Could we be making a mistake about the distribution for "dark matter" in galaxies?

The descriptions I read about the distribution of "dark matter" in galaxies seems to show it as somewhat hollow, in a "halo" instead of a spherical blob with greatest density at the center.

I understand that this is inferred from the apparent lack of sufficient gravity from the detected luminous matter to explain the orbital velocities of stars around the galaxy center, as a function of their distance from the center. So, this distribution seems to be calculated on the basis of (enough matter) minus (visible matter).

And, that would make sense so long as the "dark" matter is normal matter that we just can't see in the dark.

However, once we postulate that "dark matter" is some other form of matter that does not interact with regular matter, except to be attracted to it (and itself) by gravity, this distribution does not seem to make sense any more.

For instance, why would the dark matter not be most dense where the regular matter is most dense? And why would dark matter not become dense blobs of its own accord, just like regular matter clumps to form stars, planets, etc.?

It is hard for me to come up with some sort of internal dark matter to dark matter interactions that would produce the "halo" result.

However, it does seem plausible that we could be calculating the combined gravitational effects of both regular and dark matter where we see luminous regular matter, and thus are over-estimating the actual mass of the regular matter. So, when we subtract that over-estimated mass of the regular matter to infer the remaining mass of the dark matter, we would be leaving a "halo" where we don't see so much luminous matter.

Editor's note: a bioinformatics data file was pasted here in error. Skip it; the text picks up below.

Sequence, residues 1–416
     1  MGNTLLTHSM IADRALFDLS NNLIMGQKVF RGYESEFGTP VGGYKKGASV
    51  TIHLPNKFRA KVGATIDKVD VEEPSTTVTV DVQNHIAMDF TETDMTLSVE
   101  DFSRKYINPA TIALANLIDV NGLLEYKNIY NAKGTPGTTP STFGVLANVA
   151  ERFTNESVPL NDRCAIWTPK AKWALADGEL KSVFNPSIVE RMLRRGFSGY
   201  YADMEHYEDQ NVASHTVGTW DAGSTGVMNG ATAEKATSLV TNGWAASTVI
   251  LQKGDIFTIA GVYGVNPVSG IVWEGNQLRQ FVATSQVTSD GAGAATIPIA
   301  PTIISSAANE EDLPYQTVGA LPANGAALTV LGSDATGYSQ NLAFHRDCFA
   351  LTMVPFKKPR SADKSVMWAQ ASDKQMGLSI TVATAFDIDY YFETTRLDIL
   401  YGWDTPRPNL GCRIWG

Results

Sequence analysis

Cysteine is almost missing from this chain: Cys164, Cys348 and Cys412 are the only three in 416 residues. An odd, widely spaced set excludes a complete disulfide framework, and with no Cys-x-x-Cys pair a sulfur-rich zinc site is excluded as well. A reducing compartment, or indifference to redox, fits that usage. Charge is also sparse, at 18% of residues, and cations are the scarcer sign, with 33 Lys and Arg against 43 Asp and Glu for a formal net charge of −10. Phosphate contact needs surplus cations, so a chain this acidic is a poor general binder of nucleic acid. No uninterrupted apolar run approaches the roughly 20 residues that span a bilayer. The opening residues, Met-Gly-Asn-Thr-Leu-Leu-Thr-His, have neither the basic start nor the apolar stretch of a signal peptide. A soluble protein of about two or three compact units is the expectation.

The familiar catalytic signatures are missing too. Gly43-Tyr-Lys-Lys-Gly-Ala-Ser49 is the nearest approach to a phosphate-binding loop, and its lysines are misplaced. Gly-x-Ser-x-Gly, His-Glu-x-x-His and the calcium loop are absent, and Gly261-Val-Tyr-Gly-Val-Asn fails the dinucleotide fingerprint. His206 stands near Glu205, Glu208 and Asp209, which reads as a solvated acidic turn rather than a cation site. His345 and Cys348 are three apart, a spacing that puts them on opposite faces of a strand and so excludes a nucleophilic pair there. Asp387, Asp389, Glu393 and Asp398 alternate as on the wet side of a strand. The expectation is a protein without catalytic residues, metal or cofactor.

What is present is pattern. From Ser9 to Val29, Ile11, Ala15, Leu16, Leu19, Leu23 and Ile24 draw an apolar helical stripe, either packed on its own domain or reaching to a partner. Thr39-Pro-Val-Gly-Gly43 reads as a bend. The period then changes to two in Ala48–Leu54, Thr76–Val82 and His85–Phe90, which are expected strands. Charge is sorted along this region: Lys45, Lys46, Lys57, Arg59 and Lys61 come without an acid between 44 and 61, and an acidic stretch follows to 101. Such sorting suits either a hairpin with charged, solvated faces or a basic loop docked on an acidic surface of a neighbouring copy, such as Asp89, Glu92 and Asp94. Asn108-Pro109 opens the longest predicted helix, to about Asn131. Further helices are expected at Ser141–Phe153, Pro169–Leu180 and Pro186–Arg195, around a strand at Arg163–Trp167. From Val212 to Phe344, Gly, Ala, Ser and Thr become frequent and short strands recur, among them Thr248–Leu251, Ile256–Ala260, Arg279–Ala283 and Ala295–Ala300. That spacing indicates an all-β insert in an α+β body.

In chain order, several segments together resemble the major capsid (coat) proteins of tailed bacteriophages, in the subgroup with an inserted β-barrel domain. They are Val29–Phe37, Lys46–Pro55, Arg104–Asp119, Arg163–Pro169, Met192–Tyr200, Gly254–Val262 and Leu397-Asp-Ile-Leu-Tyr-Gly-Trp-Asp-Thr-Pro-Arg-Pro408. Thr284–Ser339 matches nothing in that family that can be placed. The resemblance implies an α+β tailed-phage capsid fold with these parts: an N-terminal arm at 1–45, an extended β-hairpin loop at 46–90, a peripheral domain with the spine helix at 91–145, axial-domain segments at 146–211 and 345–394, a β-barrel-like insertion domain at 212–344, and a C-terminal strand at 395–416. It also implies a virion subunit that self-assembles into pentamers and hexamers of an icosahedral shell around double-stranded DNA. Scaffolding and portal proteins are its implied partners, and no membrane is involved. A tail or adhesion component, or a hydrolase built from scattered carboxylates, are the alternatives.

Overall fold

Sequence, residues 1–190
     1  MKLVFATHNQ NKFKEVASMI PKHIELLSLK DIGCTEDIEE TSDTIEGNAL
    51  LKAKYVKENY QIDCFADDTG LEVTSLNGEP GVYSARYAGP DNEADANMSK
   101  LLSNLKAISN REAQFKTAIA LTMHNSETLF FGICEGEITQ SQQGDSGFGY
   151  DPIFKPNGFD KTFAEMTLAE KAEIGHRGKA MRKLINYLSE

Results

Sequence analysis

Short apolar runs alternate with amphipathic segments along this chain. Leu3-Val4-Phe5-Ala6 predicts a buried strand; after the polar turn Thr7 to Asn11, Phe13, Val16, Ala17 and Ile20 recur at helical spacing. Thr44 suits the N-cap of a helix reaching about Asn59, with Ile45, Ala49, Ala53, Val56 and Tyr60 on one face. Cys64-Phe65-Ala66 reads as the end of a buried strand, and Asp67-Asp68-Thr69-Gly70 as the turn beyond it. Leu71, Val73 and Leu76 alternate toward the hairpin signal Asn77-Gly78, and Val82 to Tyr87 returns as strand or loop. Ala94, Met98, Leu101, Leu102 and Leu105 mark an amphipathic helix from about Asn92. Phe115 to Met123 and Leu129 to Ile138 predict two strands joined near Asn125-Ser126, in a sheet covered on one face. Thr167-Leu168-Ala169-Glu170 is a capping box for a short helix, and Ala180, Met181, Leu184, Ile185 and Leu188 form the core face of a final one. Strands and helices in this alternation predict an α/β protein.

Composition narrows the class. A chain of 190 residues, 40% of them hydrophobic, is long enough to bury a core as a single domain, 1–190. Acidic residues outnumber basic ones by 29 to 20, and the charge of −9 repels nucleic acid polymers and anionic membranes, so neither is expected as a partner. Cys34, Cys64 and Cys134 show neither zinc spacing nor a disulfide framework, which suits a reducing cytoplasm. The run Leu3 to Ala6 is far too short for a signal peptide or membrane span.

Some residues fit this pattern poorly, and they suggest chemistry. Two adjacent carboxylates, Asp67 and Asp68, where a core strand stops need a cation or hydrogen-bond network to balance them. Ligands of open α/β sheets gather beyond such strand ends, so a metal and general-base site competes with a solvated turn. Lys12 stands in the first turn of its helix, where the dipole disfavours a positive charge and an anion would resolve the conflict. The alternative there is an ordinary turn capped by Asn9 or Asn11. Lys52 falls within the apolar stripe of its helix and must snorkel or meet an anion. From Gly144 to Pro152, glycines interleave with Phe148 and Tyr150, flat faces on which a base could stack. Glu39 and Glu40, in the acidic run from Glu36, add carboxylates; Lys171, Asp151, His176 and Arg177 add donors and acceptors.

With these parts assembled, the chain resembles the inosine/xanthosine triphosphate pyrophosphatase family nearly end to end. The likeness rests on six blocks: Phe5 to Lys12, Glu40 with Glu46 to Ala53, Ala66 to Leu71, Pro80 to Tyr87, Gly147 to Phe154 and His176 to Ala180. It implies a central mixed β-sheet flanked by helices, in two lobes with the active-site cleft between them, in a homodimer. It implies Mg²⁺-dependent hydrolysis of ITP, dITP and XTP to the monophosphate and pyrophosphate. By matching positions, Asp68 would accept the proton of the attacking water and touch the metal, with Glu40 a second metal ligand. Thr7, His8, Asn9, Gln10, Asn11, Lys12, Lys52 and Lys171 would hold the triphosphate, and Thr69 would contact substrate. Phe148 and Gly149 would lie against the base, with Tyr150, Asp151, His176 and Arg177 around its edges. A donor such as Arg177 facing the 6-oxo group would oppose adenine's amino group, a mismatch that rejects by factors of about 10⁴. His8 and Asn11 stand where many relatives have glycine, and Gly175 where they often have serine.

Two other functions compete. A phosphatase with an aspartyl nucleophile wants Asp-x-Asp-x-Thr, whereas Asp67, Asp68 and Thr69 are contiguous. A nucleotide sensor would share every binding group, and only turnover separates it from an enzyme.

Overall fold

Thoughts?
 

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My understanding is that dark matter was introduced as a fudge factor. Originally known as "missing mass" I think it was upgraded to "dark matter" as this sounds less like a fudge.
A rose by any other name would small as sweet
In this case something sounds better if you give it a sweeter smelling name.

Originally known as the “missing mass,” dark matter's existence was first inferred by Swiss American astronomer Fritz Zwicky, who in 1933 discovered that the mass of all the stars in the Coma cluster of galaxies provided only about 1 percent of the mass needed to keep the galaxies from escaping the cluster's ...

dark matter | Definition, Discovery, Distribution, & Facts

Cat :)


 
The descriptions I read about the distribution of "dark matter" in galaxies seems to show it as somewhat hollow, in a "halo" instead of a spherical blob with greatest density at the center.

I understand that this is inferred from the apparent lack of sufficient gravity from the detected luminous matter to explain the orbital velocities of stars around the galaxy center, as a function of their distance from the center. So, this distribution seems to be calculated on the basis of (enough matter) minus (visible matter).

And, that would make sense so long as the "dark" matter is normal matter that we just can't see in the dark.

However, once we postulate that "dark matter" is some other form of matter that does not interact with regular matter, except to be attracted to it (and itself) by gravity, this distribution does not seem to make sense any more.

For instance, why would the dark matter not be most dense where the regular matter is most dense?
It’s my understanding that it does. The central area of a galaxy typically has a larger distribution of DM.

And why would dark matter not become dense blobs of its own accord, just like regular matter clumps to form stars, planets, etc.?
Indeed. There seems to be no evidence of any high density DM pockets, AFAIK.
 

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